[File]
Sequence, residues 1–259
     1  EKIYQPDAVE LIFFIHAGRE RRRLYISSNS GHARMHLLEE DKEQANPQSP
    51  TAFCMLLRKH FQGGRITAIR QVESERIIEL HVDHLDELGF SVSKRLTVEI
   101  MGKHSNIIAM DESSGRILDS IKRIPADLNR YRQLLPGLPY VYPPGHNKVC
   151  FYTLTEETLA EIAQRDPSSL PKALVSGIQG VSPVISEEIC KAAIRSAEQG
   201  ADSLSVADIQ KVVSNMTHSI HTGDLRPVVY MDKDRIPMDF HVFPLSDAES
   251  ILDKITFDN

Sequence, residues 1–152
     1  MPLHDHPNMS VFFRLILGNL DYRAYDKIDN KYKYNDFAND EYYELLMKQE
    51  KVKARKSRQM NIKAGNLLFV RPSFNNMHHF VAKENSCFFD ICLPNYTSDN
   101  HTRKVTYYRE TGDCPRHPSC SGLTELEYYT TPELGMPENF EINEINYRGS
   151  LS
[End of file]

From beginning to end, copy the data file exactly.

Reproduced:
Sequence, residues 1–259
     1  EKIYQPDAVE LIFFIHAGRE RRRLYISSNS GHARMHLLEE DKEQANPQSP
    51  TAFCMLLRKH FQGGRITAIR QVESERIIEL HVDHLDELGF SVSKRLTVEI
   101  MGKHSNIIAM DESSGRILDS IKRIPADLNR YRQLLPGLPY VYPPGHNKVC
   151  FYTLTEETLA EIAQRDPSSL PKALVSGIQG VSPVISEEIC KAAIRSAEQG
   201  ADSLSVADIQ KVVSNMTHSI HTGDLRPVVY MDKDRIPMDF HVFPLSDAES
   251  ILDKITFDN

Sequence, residues 1–152
     1  MPLHDHPNMS VFFRLILGNL DYRAYDKIDN KYKYNDFAND EYYELLMKQE
    51  KVKARKSRQM NIKAGNLLFV RPSFNNMHHF VAKENSCFFD ICLPNYTSDN
   101  HTRKVTYYRE TGDCPRHPSC SGLTELEYYT TPELGMPENF EINEINYRGS
   151  LS